Geopolymers as a climate-friendly cement alternative
Researchers at TU Darmstadt are proposing geopolymers as an alternative to cement. These mineral binders are not only more environmentally friendly, they are also more resistant to chemicals and high temperature.
When discussing greenhouse gases, there is usually one aspect that comes off badly: building with concrete is affecting the climate by releasing more carbon dioxide per year than global air traffic. The reason lies in the production of the cement, the most popular binder in the construction industry. Cement is made by grinding and burning limestone, clay and marl.
This requires a lot of energy and also removes the carbon dioxide from the limestone. More than 5% of global carbon dioxide emissions come from cement production. This does not have to be the case, thinks Professor Eddie Koenders, civil engineer and Head of the Institute of Construction and Building Materials at TU Darmstadt. His group is working with geopolymers as a promising alternative to cement.
Geopolymers are two-component systems, comprising of a reactive solid, that contains silicon and aluminium oxide, and a basic activation solution of alkali hydroxides or alkali silicates in water. The solid is a natural stone or mineral, which is why it has the prefix "geo". When the activation solution is mixed with the grinded solid, to which aggregates and other substances belong to, depending on the application, the result will be a rock-hard, anorganic polymer. The molecular components, the monomers, are tetrahedrons with oxygen atoms at the four corners and a silicon or aluminium atom inside.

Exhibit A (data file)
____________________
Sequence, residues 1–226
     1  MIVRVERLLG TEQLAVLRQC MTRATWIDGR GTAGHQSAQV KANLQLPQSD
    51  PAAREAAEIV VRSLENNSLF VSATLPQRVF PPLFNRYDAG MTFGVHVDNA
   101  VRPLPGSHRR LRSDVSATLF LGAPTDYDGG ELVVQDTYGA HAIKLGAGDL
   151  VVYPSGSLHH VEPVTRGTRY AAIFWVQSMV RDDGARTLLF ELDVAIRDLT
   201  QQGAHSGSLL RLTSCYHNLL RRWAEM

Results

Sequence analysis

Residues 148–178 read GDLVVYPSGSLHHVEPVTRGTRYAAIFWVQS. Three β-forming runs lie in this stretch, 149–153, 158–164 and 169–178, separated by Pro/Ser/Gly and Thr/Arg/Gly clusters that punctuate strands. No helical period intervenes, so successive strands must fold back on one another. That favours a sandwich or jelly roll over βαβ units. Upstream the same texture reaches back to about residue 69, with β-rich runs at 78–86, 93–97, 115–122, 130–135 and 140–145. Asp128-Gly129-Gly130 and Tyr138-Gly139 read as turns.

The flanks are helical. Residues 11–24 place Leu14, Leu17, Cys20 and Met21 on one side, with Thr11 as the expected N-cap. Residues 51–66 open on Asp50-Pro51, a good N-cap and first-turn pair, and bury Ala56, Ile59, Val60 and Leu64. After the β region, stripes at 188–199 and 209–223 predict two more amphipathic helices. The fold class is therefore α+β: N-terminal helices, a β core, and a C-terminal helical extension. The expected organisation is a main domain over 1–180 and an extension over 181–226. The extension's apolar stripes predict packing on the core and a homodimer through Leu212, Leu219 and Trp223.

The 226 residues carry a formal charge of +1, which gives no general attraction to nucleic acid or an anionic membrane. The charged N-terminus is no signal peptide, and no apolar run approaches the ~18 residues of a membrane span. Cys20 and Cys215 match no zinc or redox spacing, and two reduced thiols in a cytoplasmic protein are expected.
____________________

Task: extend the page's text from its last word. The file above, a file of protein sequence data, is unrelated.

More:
The term "geopolymer" was launched by the French chemist Joseph Davidovits in the seventies. Thus far, the materials did not made it onto the mass market, but the ongoing climate debate has now given new momentum to geopolymer research. "There is a great international interest," says a delighted Koenders, who together with companies and research scientists from Spain, France, Austria and the UK, is currently formulating an application for an EU project.
The first geopolymers were based on metakaolin, a heat-treated kind of kaolin clay. When heated to about 600 degrees Celsius, kaolin changes its structure, becomes more reactive and sets quickly whenever in contact with the activation solution. The issue is, that the pre-thermal treatment also consumes a lot of energy. But as kaolin does not contain any bounded carbon dioxide that will release during heating, and that the firing temperature is much lower than when burning cement, the carbon footprint is clearly better.
However, metakaolin is an extremely fine material, and working with geopolymers made of it is very different than working with cement paste. They are, for example, thixotropic: when you stir them or shake them, they liquefy – like ketchup, that is initially reluctant to leave the bottle, but then suddenly gushes out. The activation solution also makes the geopolymers somewhat sticky, which is why it is more difficult to remove the formwork.
"Geopolymers will only ever replace concrete and cement on a large scale if they have the same workability", stresses Koenders. His staff, Dr Neven Ukrainczyk and Oliver Vogt, are testing different raw materials, to try to improve the handling. Less pure kaolins, containing iron oxide and other foreign minerals, are proving to be more suitable, as well as being more cost-effective.